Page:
It is important that children have opportunities for art, design and creativity outdoors as well as indoors. Ideally in your indoor space you will have provision for children to make, model and paint. If you put one of your easels outside with some pots of paint and a couple of aprons then you are just recreating the same indoor opportunities without the ceiling. Although some children might really enjoy painting outside, a key question for me is ‘what unique creative experience can outdoors offer them?’ There will be more about outdoor painting later in the week!
We want children to be able to transfer their indoor skills and apply them to different resources and experiences that are strongly linked to nature in their outdoor space, not just repeat the indoor activity.
Inspired by the work of Malaguzzi and Goldschmidt, as part of this texture kitchen extension I created a small transient art station with lots of natural loose parts for the children to create with.
The table itself is made out of a large tyre and a pallet. In the middle of the pallet is a mirror to catch the light and also give some interesting perspectives on the objects that have been placed on it.
I put some materials in the middle of the table as an initial provocation.
I also used another smaller table to house lots and lots of natural resources such as moss, seeds, seed pods, fir cones, small pieces of wood, shells, feathers…the list goes on. As it is Autumn I also used seasonal resources such as pumpkin seeds, conkers, sycamore keys and autumn leaves.
The children can also collect any items from the outdoor environment that they are inspired to use, so you will often get the addition of flowers, petals, grass, stones and the odd worm (if you are not watching carefully)!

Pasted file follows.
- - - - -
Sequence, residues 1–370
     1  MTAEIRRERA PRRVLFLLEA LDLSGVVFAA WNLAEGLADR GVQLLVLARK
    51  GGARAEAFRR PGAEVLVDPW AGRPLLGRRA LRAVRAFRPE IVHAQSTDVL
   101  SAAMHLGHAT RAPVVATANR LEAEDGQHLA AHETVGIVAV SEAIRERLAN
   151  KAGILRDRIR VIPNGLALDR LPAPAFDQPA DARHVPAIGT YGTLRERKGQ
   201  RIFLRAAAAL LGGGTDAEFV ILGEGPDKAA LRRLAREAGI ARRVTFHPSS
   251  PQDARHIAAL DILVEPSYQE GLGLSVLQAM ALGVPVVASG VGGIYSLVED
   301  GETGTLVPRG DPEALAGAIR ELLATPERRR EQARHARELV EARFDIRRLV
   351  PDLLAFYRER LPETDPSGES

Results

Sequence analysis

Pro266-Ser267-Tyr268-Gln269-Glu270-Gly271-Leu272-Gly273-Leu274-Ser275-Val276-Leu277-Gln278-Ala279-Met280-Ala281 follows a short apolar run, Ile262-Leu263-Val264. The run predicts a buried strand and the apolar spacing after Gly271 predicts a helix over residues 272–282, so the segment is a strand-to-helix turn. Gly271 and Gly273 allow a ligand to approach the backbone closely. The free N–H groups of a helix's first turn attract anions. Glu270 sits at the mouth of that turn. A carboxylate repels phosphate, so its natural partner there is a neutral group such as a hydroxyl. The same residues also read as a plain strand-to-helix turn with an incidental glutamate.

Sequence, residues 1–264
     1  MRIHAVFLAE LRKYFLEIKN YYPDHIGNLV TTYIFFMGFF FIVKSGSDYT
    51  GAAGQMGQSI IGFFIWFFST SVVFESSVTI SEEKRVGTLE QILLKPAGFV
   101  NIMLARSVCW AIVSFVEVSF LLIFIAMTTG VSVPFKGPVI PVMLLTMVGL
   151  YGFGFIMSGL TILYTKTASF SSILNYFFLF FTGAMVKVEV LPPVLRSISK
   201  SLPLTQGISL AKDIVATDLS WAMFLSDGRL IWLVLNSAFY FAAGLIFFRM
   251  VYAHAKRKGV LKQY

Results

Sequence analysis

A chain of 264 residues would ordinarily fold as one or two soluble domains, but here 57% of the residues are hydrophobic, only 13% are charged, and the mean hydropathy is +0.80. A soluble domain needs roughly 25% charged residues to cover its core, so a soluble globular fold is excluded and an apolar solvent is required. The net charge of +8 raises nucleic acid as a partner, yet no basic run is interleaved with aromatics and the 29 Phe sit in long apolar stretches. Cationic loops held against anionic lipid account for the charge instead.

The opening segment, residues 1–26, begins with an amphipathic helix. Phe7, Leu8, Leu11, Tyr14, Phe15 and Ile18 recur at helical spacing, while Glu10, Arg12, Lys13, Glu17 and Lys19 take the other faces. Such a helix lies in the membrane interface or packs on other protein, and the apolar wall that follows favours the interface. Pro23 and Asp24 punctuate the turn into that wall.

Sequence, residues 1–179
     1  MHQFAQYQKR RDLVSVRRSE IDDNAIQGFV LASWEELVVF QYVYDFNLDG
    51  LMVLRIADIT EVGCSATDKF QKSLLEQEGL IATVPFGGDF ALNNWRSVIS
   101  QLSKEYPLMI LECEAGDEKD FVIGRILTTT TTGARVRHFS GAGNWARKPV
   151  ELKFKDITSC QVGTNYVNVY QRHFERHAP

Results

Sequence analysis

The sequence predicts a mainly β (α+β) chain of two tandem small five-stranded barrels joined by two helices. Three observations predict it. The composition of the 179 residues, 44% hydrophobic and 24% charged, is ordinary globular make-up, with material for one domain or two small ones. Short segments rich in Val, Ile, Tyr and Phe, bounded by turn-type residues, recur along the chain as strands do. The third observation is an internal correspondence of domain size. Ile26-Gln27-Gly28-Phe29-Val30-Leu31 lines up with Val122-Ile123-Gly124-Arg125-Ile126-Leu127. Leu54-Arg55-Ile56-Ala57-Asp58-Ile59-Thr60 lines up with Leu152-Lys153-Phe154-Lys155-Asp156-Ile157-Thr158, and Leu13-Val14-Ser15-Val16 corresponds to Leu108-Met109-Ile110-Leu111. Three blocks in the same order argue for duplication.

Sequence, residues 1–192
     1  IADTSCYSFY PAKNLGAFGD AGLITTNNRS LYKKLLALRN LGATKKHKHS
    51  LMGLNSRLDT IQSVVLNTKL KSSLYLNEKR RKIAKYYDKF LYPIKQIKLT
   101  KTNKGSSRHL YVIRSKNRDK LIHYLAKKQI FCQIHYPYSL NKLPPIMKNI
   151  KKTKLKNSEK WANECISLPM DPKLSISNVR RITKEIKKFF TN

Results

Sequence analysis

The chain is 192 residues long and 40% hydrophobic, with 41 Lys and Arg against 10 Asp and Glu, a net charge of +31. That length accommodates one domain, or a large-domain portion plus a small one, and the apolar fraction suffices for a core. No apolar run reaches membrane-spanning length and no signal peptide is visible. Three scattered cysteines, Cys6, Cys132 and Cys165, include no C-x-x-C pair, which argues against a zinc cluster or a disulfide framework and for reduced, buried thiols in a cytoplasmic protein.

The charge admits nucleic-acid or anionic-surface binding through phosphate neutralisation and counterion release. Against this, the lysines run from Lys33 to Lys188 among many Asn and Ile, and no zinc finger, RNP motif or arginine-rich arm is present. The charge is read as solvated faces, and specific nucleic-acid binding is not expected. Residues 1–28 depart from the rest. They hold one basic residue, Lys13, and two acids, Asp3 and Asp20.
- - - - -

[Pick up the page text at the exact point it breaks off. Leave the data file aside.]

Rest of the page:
The children can use the resources to create patterns, sculptures and general works of art on the pallet, ground or any surface that takes their fancy. I also provided some wooden seed trays (from Ebay) that are filled with mud and then topped with sand.
Not only does this give the children a defined space to work in (which they sometimes like) it also gives them multiple layers of texture to explore and use in their pattern making or modelling.
Alongside all of the natural materials, I also added a few wooden spoons, scoops and sticks to provoke investigation of what might lie beneath the sand!
If you haven’t got seed trays, but have got a paved area, then paving stones make a brilliant space for transient art as they are a ready made canvas. You can also use old pillow cases as an instant canvas and bed sheets for a large scale piece of work.
All that was missing now was the children their creativity and that innate capacity to investigate and explore.
The only ‘man made’ resource that I used on this occasion were these miniature dinosaur skulls from TTS (more info here). They were very popular for both burying in the seed trays and using as part of the transient art creations.
There was LOTS of thought and concentration as well as plenty of opportunities for talk and discussion.
I tried to have a good mixture of 2D and 3D objects so that the children would get the opportunity to create some hight and depth in their work.
The key thing about transient art is that it is transient. It is important for the children to know from the outset that on the majority of occasions when their work is finished, it will be recorded, perhaps by photograph,
then the objects that have been used are returned for other children to work with. If you are just introducing the concept of a transient art station for the first time then provide a small number of really interesting resources. If you put all of the resources you possess out, then they will use them, and tidy up and sort out will take a week (at least)! Once the children get the hang of how it works then you can build up what you offer.
On this occasion (as is often the case) the children enjoyed the sorting and returning of the items as much as they had using them.
This worked really well as an extension to the texture kitchen with resources from the kitchen space being used as part of the art exploration and vice versa. The seed trays are relatively cheap to pick up (or make if you are handy) and they also make a great addition to the continuous provision for your texture kitchen.
If you were particularly exploring pattern and form then you could also enhance your transient art space with pictorial provocations like the work of Anthony Goldsworthy or Richard Shilling (more info on Richard here)
Richard Shilling – Land Art
Or, you can just leave it up to their pure imagination.
So, get collecting and creating – natural art in a natural environment!
Tomorrow we will be adding a clay station to your texture kitchen…See you back here then.